Vodafone joins the EU in announcing major diversity initiative

Operator group Vodafone has decided to speak for the whole industry on diversity, while the EU is seeking to impose gender balance quotas on the whole bloc.

Scott Bicheno

March 6, 2020

3 Min Read
Vodafone joins the EU in announcing major diversity initiative
3D illustration of a folder and focus on a tab with the acronym CSR, Corporate Social Responsibility. Conceptual image.

Operator group Vodafone has decided to speak for the whole industry on diversity, while the EU is seeking to impose gender balance quotas on the whole bloc.

The Vodafone thing is called #changetheface because it strives to change the face of technology. That seems to refer primarily to sex as, apparently, the balance between men and women is wrong. Vodafone knows this because it commissioned a survey and, when asked to describe technology as a person, the majority of respondents answered that the person would be young, white, middle-class and mostly male.

“#ChangeTheFace is Vodafone’s commitment to improving our diversity and inclusion at Vodafone,” said Nick Read, CEO of Vodafone Group. “We are urging the technology industry to act now so we build a digital future that reflects society and works for everyone.” A special website urges people to make diversity pledges and even offers some suggestions in case people aren’t sure what the rules are, which you can see below.


The Vodafone announcement says Ericsson and Nokia have been among the first to get on board with this ‘industry-wide initiative’. Neither of them seem to have made separate announcements, however, with Ericsson preferring to talk about how committed to sustainability it is. There were no recent CSR press releases from Nokia that we could see at time of writing, so maybe it figured it ticked that box already with its recent ethics announcement.

Meanwhile, and perhaps not coincidentally, the European Commission has unveiled its gender equality strategy. As you would expect from the EU, it’s a wide-ranging set of positions and directives covering sexual equality in general, and specifically pay, opportunities and ‘gender-based violence’.

“Gender equality is a core principle of the European Union, but it is not yet a reality,” said EC President Ursula von der Leyen. “In business, politics and society as a whole, we can only reach our full potential if we use all of our talent and diversity. Using only half of the population, half of the ideas or half of the energy is not good enough. With the gender equality strategy, we are pushing for more and faster progress to promote equality between men and women.”

“Europe is a good address for women, despite all shortcomings,” said VP for Values and Transparency Vera Jourová. “As our society is undergoing important transitions, be it green or digital, we must ensure that women and men have equal opportunities and that inequalities are not further exacerbated by change. On the contrary, we have to create conditions for women to be agents for a fair transition at work and in private.”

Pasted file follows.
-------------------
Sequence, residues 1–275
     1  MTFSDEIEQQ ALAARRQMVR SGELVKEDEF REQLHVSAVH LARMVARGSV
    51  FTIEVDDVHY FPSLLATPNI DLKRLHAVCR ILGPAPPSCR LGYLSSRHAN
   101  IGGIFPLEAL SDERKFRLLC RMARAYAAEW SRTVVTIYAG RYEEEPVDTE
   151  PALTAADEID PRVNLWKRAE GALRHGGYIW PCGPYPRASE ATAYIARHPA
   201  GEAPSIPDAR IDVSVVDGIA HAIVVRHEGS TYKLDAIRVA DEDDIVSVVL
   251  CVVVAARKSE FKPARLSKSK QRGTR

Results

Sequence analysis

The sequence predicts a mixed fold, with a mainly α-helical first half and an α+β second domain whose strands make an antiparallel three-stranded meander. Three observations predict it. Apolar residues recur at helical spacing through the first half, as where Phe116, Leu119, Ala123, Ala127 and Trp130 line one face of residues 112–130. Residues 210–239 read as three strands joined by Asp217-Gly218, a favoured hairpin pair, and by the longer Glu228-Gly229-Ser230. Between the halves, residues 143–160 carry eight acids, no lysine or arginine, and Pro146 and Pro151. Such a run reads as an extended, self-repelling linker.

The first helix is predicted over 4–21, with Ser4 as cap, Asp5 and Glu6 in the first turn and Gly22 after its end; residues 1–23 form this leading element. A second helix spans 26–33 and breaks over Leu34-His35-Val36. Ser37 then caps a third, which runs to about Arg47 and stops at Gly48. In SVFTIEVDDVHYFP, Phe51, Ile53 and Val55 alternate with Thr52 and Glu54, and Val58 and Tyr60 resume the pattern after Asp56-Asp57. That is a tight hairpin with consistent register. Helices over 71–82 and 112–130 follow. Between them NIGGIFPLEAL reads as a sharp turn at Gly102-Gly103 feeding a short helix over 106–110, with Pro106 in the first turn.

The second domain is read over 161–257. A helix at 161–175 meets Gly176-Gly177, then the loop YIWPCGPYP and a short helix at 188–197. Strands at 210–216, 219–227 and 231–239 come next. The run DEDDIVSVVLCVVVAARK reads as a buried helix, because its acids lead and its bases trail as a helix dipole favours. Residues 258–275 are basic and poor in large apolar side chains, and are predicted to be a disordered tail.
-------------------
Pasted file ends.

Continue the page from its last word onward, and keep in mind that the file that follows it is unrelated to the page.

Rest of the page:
“The pursuit of equality does not require the shifting of anything from one basket to another,” said Commissioner for Equality, Helena Dalli. “Equality is an infinite resource, and there is enough of it for everyone. On the flipside, discrimination costs the individuals that suffer it and society as a whole dearly, in lack of personal recognition, lack of meritocracy and loss of talent and innovation.”

While not in any way shifting anything from one basket to another, the EC has implemented a number of ‘concrete actions’. The most remarkable of these is a push for ‘gender balance’ on the boards of all European companies. To lead by example, the Commission is aiming to reach gender balance of 50% at all levels of its management by the end of 2024.

The EC announcement also asserts that European women, on average, earn 16% less than men. It doesn’t specify whether this this is for the same job or just a broad average, but it clearly thinks this is a statistic that needs correcting regardless. Lastly there is a push to criminalise violence against women, the only surprising aspect of which is the inference that it’s not already.

These announcements are presumably timed to coincide with International Women’s Day, which takes place on Sunday 8 March and has the strapline ‘An equal world is an enabled world.’ There will presumably be other corporate initiatives of these kinds around the day as the pressure mounts on organizations of all kinds to show they’re doing their bit.

About the Author(s)

Scott Bicheno

As the Editorial Director of Telecoms.com, Scott oversees all editorial activity on the site and also manages the Telecoms.com Intelligence arm, which focuses on analysis and bespoke content.
Scott has been covering the mobile phone and broader technology industries for over ten years. Prior to Telecoms.com Scott was the primary smartphone specialist at industry analyst Strategy Analytics’. Before that Scott was a technology journalist, covering the PC and telecoms sectors from a business perspective.
Follow him @scottbicheno

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